Rome wasn't built in a day.
For wine lovers, this may be the one annoying question to which there may never be a right answer!
Before we dive in though, we should state our disclaimer, or rather our definition of “wine lover":
Here at Quvé, being a wine lover simply means you just love wine. That’s it, that’s all.
We don’t discriminate your love of expensive versus cheap wine, or of mainstream brands versus rare bottles or “natty wines” (more on that in a future article).
Our approach has always been rather simple: There are only two kinds of wine – the kind you like, and the kind you don’t.
Quvé’s mission, in a nutshell, is to help you discover and enjoy the kinds you’ll love.
Getting back to our rhetorical question, which does apply to all wines, let’s try to understand the concept of “readiness to drink” by identifying a few basic components of wine, and what happens to each as a bottle is stored over time.
TRIGGER WORD!! Okay, just relax, health nuts… Sugar exists in every wine, even if it’s bone-dry. (FFS, wine is made from fruit, which obviously contains sugar!)
Simply put, sugar is a natural preservative – so wines with a good amount of naturally occurring sugar do tend to last longer. It’s the reason why that ketchup in your fridge hasn’t gone bad yet, and probably never will.
In youth, sugar holds up the presence of fresh fruit flavours in wine, and over time, this evolves along with the flavour compounds to showcase fruit of a more preserved or dried nature.
Importantly, sugar never goes away – so a wine that is sweet today will still be sweet in 10 years’ time.
Acidity is another natural preservative. Think about why we squirt lemon/lime juice onto an avocado to prevent it from browning. Same idea.
Industry folk are always among the first to say how much they love searingly high levels of acid. But in truth, if we all really did, you’d see us guzzling buckets of freshly bottled Aligoté rather than waxing poetically about old Meursault.
There’s something to be said about the mellowing of naturally high acid (along with other components) that lends fine wines a lingering freshness even with bottle age.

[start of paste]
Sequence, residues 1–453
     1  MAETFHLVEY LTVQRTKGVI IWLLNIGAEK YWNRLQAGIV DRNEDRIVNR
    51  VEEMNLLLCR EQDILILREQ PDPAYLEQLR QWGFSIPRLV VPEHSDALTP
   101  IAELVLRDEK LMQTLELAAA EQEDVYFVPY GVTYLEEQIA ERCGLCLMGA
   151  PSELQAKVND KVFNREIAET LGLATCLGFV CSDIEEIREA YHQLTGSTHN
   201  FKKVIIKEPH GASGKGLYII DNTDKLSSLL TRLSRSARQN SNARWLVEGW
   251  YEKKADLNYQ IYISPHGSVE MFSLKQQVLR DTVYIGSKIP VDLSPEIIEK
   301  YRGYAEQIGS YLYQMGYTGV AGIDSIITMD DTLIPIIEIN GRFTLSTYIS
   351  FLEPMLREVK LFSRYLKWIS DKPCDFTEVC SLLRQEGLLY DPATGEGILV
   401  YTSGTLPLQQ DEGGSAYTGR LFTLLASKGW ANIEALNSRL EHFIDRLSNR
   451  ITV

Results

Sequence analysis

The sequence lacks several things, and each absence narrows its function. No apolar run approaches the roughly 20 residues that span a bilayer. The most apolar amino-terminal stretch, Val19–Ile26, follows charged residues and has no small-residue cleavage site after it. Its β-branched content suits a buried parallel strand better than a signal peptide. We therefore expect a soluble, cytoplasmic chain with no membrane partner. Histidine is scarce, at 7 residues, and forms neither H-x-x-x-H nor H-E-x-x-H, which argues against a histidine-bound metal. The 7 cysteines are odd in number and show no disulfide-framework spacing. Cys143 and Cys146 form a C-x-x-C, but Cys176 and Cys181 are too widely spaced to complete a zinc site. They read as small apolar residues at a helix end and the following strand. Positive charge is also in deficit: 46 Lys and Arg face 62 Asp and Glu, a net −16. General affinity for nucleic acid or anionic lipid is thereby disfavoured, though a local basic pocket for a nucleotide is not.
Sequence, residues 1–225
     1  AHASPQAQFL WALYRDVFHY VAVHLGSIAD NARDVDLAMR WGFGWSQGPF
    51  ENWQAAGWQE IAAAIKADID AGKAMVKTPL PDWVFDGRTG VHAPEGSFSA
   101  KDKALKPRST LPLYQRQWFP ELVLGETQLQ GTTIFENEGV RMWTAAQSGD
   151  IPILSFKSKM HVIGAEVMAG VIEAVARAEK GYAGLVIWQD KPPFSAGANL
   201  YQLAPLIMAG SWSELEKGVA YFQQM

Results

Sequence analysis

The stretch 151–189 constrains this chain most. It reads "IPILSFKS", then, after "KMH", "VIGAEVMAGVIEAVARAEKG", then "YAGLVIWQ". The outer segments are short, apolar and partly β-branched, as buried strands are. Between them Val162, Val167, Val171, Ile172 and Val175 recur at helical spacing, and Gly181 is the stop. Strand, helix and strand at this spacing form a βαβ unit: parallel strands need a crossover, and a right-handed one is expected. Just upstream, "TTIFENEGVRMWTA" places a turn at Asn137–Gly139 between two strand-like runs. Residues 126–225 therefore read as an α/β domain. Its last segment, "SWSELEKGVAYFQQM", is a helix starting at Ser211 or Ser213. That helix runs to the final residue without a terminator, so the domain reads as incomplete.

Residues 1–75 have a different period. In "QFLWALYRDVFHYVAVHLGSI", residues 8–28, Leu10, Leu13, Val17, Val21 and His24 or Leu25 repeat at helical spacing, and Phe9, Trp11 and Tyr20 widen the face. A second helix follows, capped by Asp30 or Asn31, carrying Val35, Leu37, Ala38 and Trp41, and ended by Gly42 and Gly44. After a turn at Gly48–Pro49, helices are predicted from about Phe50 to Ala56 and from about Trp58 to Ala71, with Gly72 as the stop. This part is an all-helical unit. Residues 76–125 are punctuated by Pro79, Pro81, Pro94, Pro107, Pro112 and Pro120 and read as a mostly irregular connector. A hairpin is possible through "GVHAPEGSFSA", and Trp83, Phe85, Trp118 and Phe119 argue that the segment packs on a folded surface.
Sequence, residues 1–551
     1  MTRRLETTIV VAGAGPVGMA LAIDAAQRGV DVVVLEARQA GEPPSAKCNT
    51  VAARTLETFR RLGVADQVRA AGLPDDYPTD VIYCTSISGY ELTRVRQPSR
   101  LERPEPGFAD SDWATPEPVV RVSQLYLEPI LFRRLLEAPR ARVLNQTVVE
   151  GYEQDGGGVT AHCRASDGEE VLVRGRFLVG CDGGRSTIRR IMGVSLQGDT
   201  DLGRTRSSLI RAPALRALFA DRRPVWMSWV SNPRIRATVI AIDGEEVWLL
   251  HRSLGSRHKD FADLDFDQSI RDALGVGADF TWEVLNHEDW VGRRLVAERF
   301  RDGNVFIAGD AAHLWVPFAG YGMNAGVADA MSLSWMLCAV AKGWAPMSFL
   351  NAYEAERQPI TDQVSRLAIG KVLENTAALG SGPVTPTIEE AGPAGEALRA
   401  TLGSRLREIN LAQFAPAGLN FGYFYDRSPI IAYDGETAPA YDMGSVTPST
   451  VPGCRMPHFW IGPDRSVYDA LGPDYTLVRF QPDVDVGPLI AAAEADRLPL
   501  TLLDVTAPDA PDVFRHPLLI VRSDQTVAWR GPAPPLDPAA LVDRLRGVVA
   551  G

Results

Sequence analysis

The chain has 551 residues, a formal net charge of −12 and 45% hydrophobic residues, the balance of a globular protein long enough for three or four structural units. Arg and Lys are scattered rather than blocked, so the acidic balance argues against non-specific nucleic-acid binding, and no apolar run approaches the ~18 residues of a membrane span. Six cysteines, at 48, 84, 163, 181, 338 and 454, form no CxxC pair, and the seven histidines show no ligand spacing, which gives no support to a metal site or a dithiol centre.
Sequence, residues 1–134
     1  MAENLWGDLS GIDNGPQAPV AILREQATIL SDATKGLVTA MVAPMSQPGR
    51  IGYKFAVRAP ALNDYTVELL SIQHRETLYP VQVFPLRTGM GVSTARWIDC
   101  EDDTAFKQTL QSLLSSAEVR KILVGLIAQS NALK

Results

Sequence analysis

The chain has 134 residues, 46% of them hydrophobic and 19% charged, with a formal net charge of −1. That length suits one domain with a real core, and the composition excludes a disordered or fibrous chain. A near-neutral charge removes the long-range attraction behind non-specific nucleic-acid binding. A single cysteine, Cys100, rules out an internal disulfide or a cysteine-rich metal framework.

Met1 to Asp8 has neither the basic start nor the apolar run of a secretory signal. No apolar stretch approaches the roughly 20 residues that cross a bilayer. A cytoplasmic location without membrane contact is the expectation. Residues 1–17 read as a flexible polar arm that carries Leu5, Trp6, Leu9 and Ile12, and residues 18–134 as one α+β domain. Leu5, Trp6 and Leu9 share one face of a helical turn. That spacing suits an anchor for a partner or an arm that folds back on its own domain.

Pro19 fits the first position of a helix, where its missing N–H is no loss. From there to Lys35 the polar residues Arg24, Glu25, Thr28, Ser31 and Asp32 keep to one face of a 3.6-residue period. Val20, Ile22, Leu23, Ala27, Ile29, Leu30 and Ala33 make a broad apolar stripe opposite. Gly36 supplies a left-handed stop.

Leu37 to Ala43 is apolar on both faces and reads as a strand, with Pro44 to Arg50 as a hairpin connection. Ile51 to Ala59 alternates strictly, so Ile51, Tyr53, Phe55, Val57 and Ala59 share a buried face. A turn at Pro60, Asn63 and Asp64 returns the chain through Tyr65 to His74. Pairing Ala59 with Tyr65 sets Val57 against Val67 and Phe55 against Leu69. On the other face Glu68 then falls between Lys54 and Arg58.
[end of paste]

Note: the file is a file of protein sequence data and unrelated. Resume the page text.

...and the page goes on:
Like sugar, acidity never really goes away (for proof, try a cool-climate red wine from an unripe vintage at any age), but to our palate, it integrates with other components as a wine decays, and becomes more subtle, less sharp. We’re no academic journal, so we’ll leave it to the experts to explain further, but suffice it to say – acidity helps a wine last longer in cellar.
Here’s one component of red wine that does change and diminish over time.
In essence, chemically speaking, tannin molecules bond to each other and to proteins within a wine. Over time, these molecules become so large/heavy that they fall to the bottom of a bottle, and that’s why you see sediment in older wines.
What does this mean for aged wine then? If you guessed that it would taste smoother, you’re basically right. Fewer remaining tannins will give the palate a lighter, softer sensation, though the texture of the tannins (e.g., chalky, velvety, silky) should remain somewhat the same.
(For the curious: Sediment itself does not have flavour, so it is important to filter these out before serving. And no, you can’t rejuvenate / “thicken up” a wine by mixing sediment back up with its liquid.)
We know it’s not currently in fashion to discuss the merits of new oak, however, when new oak becomes old wine, the result is unlike any other.
Oak is used to give minimal oxygen to some wines during the maturation process, and new oak is additionally used to impart flavours of smoke, toast, spices and of course wood into a wine.
Imagine that level of complexity getting even more intricate over time. Smoke may become mysterious tar, earth or charcoal; toast develops into comforting tea, coffee and maybe leather; simple vanilla, cinnamon and nutmeg turn into exotic star anise, molasses and potpourri; and wood transforms into magical herbs, forests and more.
So much for the oak-haters, right?
Moral of the story
There still isn’t a definitive answer, unfortunately; however, we hope that the above helps you understand how wine evolves over time, so that you can decide based on your personal preferences.
Generally speaking, you won’t have to worry about this for most of your bottles.
Most wines sold in general liquor stores are meant to be consumed in the short term. That old bottle of mass-market Beaujolais from when you graduated college, with relatively low sugar and tannins? Probably now best to simmer it away with other wine leftovers in a mulled wine recipe, or reduce it in a sauce.
On the other hand, the Riesling icewine from Duty Free that ended up the only thing you hooked up with during an ill-advised girls’ trip to Mexico? That, with its naturally sky-high levels of acidity and sweetness, might actually still be quite enjoyable.
To discover what age of wine you like best, we suggest that you experiment by selecting a six-pack of one or two favourite grapes or regions, enjoying one bottle a year, and seeing where that adventure takes you.
(Here’s a helpful article about how to keep track of your growing wine collection.)
Photo credit: Traditional Building magazine.